1. Put your award reservation on hold prior to transferring. Not all programmes allow you to put award tickets on hold, but those that do, make things much easier. For example, Singapore KrisFlyer allows you to hold an award reservation so long as you have 50% of the necessary miles in your account.

2. Choose flights that have more than one available award seat. This is helpful in case someone snags your award seats before your miles show up. Use tools like ExpertFlyer (which is owned by TPG’s parent company, Red Ventures) to find out how many award seats are available on a flight. You can also do a single search for three or four passengers — that way, you can determine precisely how many seats are available.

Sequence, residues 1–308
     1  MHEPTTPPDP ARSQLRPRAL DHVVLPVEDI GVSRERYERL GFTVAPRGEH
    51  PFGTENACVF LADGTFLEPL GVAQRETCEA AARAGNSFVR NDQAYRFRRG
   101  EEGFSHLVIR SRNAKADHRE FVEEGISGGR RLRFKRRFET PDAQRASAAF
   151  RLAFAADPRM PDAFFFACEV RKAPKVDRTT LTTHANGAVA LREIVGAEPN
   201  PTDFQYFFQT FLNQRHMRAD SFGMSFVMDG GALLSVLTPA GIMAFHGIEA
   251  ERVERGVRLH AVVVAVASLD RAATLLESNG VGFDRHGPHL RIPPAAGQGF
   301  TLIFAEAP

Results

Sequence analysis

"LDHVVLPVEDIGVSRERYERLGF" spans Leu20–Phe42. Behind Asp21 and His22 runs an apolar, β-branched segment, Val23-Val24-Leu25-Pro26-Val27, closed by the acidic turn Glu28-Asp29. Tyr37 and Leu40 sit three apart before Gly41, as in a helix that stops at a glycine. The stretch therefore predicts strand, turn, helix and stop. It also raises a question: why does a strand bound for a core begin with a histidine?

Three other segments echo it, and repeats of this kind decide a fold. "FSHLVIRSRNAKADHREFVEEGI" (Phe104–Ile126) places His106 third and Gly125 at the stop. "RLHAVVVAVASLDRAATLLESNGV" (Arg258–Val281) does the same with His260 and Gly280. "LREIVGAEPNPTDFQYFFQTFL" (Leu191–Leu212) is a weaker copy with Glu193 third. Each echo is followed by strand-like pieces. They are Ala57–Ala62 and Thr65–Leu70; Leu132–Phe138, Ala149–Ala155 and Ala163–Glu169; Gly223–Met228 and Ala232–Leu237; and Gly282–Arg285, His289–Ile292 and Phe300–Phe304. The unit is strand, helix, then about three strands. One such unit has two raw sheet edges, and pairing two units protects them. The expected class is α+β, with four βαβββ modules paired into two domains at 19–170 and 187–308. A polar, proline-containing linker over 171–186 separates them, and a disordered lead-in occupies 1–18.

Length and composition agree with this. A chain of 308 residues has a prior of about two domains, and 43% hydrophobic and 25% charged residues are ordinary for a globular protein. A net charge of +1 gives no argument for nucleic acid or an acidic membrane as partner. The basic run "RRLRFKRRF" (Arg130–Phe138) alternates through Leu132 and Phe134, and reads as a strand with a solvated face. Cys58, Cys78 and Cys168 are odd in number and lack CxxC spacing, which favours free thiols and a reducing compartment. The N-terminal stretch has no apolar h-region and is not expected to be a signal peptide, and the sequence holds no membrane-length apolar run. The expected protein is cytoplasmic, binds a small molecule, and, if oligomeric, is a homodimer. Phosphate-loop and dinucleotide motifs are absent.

3. Select uncommon routes. You can improve your chances of finding award space by choosing routes that are less popular or originate from non-hubs Those often have better award availability. One example is a transatlantic flight from Raleigh-Durham to London on American Airlines. For a transpacific flight, check out ANA’s flight from San Jose to Tokyo-Narita.

4. Let availability determine your destination. If your original itinerary is no longer an option because availability has dried up and you have some flexibility, one solution is to choose your destination based on which awards are still bookable. If you want to fly six people in business to Hawaii for Christmas, I’d keep in mind the difficulty of that task and search for other destinations with availability — perhaps finding a diamond in the rough.